Dear Miss Manners:
I react to questions about my daughter-in-law and son from people who ask, "Well, any babies?" or "Are you going to be a grandmother?" ect., by glaring at them and saying, " I don't ask them such questions." Certainly it is not my business, nor anyone else's, but even so, perhaps I have blown this up more than is necessary. Is there a polite response?
One can hardly exaggerate the rudeness of inquiring into the contents of someone else's womb. Sooner or later, these people will get a burst of tears for an answer, from some couple unable to conceive a child. Miss Manners considers your answer, or a cool "I have no idea," civil enough, under the circumstances. Short of producing those tears, the couple may answer when or why questions about babies ("When are you going to have children?" Why don't you have children yet?" or "Why aren't you going to have children?") with a frosty look and a firm, "One never knows, does one?" Miss Manners does not approve of rude answers, even to rude questions, and rough but honest answers, such as "Why should we burden ourselves?" are as bad. Do-you questions ("Do you have any children?") are legitimate and should be answered legitimately. (That is, one only had to admit to legitimate children.)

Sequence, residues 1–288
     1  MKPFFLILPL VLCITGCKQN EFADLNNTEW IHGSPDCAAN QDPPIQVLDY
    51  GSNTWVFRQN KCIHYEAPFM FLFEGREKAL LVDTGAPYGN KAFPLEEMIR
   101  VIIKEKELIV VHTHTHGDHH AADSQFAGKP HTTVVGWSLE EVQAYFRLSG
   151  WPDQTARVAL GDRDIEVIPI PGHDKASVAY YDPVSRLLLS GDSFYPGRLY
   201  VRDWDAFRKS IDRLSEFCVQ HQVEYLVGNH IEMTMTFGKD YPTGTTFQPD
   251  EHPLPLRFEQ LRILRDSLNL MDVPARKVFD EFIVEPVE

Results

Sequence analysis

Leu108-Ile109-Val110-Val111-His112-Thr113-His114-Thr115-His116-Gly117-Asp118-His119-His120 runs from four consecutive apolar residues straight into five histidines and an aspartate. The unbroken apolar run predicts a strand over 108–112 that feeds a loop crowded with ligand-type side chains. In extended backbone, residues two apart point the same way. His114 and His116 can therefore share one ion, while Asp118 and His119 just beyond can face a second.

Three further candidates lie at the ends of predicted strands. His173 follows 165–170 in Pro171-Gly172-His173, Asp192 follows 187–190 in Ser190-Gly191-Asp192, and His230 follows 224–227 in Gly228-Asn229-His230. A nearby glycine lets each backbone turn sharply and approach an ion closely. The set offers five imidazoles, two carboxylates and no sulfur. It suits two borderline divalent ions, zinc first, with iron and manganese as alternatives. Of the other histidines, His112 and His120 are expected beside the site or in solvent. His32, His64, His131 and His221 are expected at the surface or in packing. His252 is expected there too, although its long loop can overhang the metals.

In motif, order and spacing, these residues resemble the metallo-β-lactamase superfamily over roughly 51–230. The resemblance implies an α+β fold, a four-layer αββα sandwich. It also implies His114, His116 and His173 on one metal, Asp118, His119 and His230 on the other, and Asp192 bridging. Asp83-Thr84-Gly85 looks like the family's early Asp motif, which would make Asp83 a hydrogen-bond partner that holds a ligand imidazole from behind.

Dear Miss Manners:
A woman I met at a party asked me to guess her age. I thought we was about forty, even though she was wearing a satin disco dress and carrying a pocketbook shaped like a heart, and I said so. Well, it turns out she's thirty-three and is always being asked for proof that she's of legal drinking age, so I was supposed to guess she was a teenager. I felt trapped by the whole thing. What should I have done?
You were trapped, so you might as well have gone along with the silly game. Why didn't you demand to see her teeth before answering?